Re: Cache validators

> The biggest problem I have with If and logic bags is that you want to
> _require_ servers to implement them.  The implementation of all
> proposed conditional modifiers (If-modified-since, If-validator-valid,
> Variant-Set, Alt-Header) is _optional_, because they are only there as
> optimization mechanisms.  Server authors could implement none of them
> and still comply to HTTP/1.1.

That is a reasonable criticism.  However, an extensible mechanism would
allow implementors to extend the preconditions in order to obtain
functionality without having to go through the standards process.
Furthermore, it allows us to place an ordering on the evaluation
of multiple preconditions within the syntax, rather than as notes
within the text description of each additional header field.
Finally, not all preconditions are optional; what do we do when the
implementors need a mandatory precondition?  Do we repeat this whole
process again?

> I guess this is a good time for me to restate some comments on the
> implementation of Unless that I sent to this list shortly before the
> Dallas IETF, and to which I have had no reply since then.  I would
> have a lot more faith in your opinion if you were to actually attempt
> to address these comments, but I can't force you to do that.

I have already addressed all of these comments before; I am sorry that
you didn't see them addressed on the WG list.

> 1) The relational operators like 'gt' in logic bags have big problems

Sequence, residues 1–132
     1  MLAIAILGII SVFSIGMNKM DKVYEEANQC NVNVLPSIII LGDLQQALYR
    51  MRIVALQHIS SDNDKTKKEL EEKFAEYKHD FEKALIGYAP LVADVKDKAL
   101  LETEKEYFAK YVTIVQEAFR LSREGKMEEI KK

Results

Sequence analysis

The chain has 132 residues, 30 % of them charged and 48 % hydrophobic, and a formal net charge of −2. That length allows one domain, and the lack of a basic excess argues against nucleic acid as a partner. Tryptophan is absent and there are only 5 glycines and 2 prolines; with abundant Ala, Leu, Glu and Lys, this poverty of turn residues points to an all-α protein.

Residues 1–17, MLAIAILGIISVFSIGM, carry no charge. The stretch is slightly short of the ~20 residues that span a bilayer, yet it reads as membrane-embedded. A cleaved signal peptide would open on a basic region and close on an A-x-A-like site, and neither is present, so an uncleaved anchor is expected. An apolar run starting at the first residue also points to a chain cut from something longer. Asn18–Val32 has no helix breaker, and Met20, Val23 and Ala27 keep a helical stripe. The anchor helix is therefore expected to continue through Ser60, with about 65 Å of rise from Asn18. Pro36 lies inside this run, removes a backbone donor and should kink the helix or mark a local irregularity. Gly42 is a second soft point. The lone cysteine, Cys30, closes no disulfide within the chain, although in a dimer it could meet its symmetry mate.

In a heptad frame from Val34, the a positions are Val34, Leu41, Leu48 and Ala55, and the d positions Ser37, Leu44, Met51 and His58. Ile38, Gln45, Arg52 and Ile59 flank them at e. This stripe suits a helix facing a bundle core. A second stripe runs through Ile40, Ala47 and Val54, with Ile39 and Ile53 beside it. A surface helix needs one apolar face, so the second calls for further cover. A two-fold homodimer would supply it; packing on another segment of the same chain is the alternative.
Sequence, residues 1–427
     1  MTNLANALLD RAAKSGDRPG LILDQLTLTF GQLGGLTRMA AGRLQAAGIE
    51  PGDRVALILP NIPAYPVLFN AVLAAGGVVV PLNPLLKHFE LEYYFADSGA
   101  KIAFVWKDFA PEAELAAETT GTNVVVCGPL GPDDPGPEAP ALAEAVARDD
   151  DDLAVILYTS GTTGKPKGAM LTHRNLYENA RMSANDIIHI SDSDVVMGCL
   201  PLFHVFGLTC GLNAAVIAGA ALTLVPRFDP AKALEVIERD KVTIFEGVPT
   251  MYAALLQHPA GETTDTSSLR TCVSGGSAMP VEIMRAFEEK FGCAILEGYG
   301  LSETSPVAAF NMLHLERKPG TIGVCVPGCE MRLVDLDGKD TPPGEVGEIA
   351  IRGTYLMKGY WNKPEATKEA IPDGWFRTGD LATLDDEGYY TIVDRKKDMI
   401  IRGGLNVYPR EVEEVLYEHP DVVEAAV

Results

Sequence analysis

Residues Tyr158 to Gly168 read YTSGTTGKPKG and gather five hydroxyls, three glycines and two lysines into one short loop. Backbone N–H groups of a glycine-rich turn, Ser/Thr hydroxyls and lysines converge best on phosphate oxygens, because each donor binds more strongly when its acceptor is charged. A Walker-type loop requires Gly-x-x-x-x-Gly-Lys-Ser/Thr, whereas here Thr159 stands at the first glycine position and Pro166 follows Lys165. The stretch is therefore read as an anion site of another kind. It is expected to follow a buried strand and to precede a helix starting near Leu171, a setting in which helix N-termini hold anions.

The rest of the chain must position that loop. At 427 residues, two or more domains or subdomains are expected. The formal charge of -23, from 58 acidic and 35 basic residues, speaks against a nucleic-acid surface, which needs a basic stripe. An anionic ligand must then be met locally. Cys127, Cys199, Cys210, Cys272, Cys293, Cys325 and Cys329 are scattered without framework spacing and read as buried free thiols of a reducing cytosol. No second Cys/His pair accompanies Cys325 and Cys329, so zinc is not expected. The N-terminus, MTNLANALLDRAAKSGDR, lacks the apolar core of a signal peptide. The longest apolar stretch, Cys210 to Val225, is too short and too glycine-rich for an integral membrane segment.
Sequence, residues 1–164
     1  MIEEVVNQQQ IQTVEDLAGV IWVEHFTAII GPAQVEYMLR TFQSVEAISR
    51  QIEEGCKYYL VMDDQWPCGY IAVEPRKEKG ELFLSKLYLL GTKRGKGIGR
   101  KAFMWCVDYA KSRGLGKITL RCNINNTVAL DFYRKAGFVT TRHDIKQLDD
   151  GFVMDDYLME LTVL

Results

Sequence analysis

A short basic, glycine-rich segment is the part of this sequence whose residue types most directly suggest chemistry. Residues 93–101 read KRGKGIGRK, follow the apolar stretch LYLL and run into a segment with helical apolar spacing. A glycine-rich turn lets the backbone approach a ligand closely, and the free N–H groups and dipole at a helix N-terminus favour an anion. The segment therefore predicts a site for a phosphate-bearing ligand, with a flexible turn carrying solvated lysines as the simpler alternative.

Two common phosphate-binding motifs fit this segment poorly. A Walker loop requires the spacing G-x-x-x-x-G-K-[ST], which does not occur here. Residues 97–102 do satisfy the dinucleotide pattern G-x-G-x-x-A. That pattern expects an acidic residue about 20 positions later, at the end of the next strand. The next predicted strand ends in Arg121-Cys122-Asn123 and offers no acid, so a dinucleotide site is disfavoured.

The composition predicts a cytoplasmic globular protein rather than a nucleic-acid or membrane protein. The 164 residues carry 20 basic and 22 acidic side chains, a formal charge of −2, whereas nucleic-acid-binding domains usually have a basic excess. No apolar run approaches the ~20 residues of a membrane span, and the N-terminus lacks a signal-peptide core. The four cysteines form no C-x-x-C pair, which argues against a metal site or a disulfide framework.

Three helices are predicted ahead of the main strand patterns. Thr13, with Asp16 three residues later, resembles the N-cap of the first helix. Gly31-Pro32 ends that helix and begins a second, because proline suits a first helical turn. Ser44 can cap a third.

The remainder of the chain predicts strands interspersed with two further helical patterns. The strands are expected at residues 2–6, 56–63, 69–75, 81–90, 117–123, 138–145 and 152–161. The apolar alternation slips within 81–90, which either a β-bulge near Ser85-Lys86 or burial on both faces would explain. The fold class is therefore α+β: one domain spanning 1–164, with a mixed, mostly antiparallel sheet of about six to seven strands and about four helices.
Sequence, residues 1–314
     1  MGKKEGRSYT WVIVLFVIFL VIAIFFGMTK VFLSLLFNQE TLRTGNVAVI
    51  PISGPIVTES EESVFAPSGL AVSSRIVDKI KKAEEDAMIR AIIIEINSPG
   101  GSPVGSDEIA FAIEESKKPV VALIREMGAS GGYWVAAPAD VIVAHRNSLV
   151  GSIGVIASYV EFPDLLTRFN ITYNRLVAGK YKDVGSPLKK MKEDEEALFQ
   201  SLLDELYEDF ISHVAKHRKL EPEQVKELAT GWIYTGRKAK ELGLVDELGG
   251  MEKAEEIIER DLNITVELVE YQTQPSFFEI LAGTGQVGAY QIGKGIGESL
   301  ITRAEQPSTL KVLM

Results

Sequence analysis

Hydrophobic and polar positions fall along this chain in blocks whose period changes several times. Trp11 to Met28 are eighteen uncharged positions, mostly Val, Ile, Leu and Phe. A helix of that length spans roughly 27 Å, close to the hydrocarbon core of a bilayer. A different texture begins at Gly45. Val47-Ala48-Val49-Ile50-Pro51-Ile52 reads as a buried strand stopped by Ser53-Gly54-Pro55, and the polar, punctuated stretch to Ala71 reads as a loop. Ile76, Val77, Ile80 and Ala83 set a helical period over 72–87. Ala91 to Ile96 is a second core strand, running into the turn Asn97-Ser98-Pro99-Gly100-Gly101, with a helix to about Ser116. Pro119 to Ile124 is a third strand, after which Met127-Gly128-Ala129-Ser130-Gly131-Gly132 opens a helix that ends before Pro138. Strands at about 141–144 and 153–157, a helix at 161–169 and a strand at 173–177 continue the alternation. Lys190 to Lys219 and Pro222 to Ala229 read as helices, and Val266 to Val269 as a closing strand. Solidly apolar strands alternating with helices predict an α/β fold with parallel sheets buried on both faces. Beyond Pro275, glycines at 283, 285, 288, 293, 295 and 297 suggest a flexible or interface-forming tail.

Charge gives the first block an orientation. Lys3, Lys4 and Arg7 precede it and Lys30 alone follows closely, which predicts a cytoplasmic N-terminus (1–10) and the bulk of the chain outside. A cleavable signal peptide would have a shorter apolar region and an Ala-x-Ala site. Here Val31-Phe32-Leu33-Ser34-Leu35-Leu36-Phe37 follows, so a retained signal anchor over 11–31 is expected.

> when used with undefined headers.  Your default does not make these
> problems go away.  There are three important ways of comparing:
>   numeric  (2 < 10)
>   lexical  (ba < c)
>   date     (Mon, 04 Dec 1995 01:23:45 GMT < Mon, 04 Dec 1995 01:23:55 GMT)
> and the defined default, 'numeric comparison (for values consisting of
> 1*DIGIT) and lexical comparison (for all others)', would break on
> undefined headers that carry a date.  I therefore propose to define
> three `greater than` operators:
>   gtn   greater than, numeric
>   gtl   greater than, lexical
>   gtd   greater than, date.
> and maybe, but not required:
>   gt   greater than, with field-name dependent function (use only with
>        field-names defined in HTTP/1.1).
> (of course, the same for ge, lt, le). 

My answer was that the server would not send any header fields for which
the comparison function was truly unknown (i.e., other than the default).

We could reduce this concern by requiring only a minimal subset of
the proposed operators and leaving the rest as optional (with an appropriate
error code to indicate that the server did not support the given
precondition).  The subset would be {and, or, not, eq, ne}.

> Another question: what is the
> `appropriate comparison function' server authors are supposed to use
> for `Content-Version'?  Do we really want to open this can of worms?

The field is defined as being opaque, which means "eq" and "ne".

> 2) The biggest problem with Unless [If] is not the parsing of the
> logic bag, but causality.
> Quoting from the Unless section in the draft 1.1 spec: